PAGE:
If you want to get the sound of a Moog, look towards Behringer because you already know what kind of a company they are and won’t be surprised two years later!
Blue Mics is No More
Blue is probably not your first choice if you want a great mic, but for something inexpensive, reliable, and works…you could do far worse. My Yetis are thrown around in my car…it records meetings in large rooms clearly and accurately, and we’ve thrown them at guitars and amps without problems. They even work well with many voice types —though they have always seemed more true to male voices than female. The setup is quick and forgiving. The older Snowball was a workhorse. It was ugly as hell, noisy, and without an iso-mount, picked up EVERY VIBRATION IN THE ROOM.
These are also some of the first mics a bedroom producer will pick up. And now, they are going away, lost in the hundreds of products that all seem to be slight variations of one another from Logitech.
This Week In Glastonbury
Elton’s Last Performance
Reportedly the last live performance before retirement, closing out the set with a ten-minute version of Rocketman. No words. Click play.
Seán Finn writes, “Say whaaat???”
Rick Astley also played Glastonbury and performed a secret set to near-universal applause. I love Morrisey’s music almost as much as I think the man is an idiot. This performance made me realize how much I missed listening to this without having to guess if I would get disgusted by Moz before turning everything off.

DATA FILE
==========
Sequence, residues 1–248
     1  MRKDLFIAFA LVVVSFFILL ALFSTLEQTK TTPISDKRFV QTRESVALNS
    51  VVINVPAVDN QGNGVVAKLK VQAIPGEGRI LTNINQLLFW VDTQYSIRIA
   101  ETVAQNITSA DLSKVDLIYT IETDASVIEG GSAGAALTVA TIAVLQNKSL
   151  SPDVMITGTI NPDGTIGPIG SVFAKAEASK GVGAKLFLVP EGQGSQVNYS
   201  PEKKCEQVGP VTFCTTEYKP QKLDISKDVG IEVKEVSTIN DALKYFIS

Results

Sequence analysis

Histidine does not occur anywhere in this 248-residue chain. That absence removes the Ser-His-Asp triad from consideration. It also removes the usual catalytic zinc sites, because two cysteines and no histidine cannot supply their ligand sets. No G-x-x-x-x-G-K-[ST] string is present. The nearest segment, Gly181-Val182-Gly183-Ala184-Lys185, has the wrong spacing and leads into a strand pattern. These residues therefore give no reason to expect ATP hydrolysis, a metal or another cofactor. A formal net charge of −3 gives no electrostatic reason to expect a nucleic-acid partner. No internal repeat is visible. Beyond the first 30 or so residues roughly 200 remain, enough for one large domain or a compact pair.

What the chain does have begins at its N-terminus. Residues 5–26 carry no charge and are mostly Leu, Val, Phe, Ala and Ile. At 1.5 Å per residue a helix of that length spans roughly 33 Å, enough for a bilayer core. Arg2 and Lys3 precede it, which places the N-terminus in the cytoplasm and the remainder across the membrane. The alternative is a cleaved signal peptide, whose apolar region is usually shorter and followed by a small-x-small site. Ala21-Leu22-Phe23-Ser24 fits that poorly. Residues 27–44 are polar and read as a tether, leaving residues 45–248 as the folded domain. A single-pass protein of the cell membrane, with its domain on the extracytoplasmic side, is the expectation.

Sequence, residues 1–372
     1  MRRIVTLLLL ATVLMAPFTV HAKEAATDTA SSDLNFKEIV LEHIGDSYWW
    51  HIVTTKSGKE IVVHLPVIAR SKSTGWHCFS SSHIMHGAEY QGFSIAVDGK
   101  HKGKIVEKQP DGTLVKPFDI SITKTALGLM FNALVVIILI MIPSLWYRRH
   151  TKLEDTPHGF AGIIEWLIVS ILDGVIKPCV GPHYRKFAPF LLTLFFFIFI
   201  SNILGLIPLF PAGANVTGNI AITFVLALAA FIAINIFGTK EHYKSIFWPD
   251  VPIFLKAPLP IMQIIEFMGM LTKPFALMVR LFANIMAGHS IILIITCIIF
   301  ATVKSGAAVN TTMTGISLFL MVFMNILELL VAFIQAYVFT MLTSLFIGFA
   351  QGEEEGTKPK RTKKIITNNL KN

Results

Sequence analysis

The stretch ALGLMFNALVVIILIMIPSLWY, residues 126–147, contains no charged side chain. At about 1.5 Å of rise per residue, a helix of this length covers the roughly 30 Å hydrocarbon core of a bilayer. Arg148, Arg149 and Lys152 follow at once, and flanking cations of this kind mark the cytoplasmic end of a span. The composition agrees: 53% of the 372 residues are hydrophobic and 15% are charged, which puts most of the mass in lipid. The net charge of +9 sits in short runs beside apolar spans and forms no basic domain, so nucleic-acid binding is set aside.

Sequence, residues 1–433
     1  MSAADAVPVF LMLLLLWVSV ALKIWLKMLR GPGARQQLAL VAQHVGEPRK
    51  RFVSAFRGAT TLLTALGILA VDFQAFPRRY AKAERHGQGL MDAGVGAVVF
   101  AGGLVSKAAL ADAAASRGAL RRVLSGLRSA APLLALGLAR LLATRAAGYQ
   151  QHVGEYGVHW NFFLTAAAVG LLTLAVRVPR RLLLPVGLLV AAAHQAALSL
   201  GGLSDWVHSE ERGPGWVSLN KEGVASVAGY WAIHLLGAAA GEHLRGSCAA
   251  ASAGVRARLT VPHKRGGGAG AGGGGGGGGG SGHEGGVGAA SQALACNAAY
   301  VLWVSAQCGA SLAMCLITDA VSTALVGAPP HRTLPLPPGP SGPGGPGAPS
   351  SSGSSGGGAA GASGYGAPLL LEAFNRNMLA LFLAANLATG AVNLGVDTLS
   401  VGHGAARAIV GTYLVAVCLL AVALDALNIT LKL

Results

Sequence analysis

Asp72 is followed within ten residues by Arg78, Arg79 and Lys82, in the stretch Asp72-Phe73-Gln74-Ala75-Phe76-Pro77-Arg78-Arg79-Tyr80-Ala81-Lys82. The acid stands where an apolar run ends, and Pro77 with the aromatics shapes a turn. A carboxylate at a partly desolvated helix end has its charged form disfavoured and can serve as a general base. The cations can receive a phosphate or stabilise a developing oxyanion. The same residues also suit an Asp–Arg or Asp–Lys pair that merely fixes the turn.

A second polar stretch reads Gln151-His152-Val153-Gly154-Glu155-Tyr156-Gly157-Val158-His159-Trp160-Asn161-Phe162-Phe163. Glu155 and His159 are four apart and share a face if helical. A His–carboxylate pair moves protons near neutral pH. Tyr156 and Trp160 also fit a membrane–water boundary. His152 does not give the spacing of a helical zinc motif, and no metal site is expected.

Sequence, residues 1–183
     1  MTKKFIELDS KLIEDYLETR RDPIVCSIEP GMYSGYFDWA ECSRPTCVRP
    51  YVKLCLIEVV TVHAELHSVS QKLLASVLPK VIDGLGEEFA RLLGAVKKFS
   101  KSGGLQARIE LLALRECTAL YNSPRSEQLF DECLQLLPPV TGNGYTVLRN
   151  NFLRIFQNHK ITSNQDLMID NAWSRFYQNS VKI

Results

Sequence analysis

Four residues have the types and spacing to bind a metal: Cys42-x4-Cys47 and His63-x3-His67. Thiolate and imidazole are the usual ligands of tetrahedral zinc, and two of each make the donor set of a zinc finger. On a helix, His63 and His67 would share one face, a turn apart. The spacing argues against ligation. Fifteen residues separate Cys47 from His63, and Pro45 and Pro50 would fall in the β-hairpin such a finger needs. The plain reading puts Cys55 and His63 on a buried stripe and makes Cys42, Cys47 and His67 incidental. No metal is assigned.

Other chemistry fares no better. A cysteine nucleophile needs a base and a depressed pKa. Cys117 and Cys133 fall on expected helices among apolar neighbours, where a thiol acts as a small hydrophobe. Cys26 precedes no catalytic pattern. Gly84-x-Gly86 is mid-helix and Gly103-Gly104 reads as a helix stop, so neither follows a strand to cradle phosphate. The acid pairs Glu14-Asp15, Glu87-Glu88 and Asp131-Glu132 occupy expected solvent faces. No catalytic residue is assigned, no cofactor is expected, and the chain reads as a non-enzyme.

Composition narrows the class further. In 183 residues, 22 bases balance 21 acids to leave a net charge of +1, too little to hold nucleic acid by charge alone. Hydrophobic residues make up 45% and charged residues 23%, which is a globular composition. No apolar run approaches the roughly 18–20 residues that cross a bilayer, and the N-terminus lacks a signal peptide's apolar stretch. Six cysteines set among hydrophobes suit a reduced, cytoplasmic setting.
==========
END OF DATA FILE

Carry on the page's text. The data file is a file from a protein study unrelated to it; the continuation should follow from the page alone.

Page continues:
Who's never going to give you up???
Software I’m Buying: Clarity DeReverb
Recording happens in the most inhospitable locations. Anytime you use a microphone, you will have something in the atmosphere that interferes with the source material. For $29, this isn’t going to be perfect —but a one-knob solution to clean up the uncleanable? One that doesn’t require harsh gating, stripping down the EQ to only a few bands, and editing in copies of cleaner audio that KINDA sounds like it matches. For me, room noise and hard echoes/reverb ruin a recording immediately. This may save things, at least for demo work.
Sylvia Massy’s How to Shoot A Piano
Sonikmatter: Mind + Music + Technology
An occasional newsletter. Barely fact-checked and often wrong.
This was Volume 17b. I’m not counting last week’s issue as a separate issue…because. Now that my time has been freed up, I’ll be able to write these on a more regular basis, however, I am asking for your help.
Share these with your friends. Forward the newsletter to someone. Tell someone to sign up. If you have a product you want to talk about, write a blurb. If you have a new album or project…do the same. If you want to write a ‘column,’ I’d love to see it! I want to see the new Sonik like the old Sonik where we all talked to one another.
I’ll be back home in a week and scouring the web for more interesting crap!
The Sonik line is open — call (415) 683-1381 and sing, rawk, or prog into the answering machine! We will post it!!!
Mail to the Editor: Zampino @ sonikmatter.com.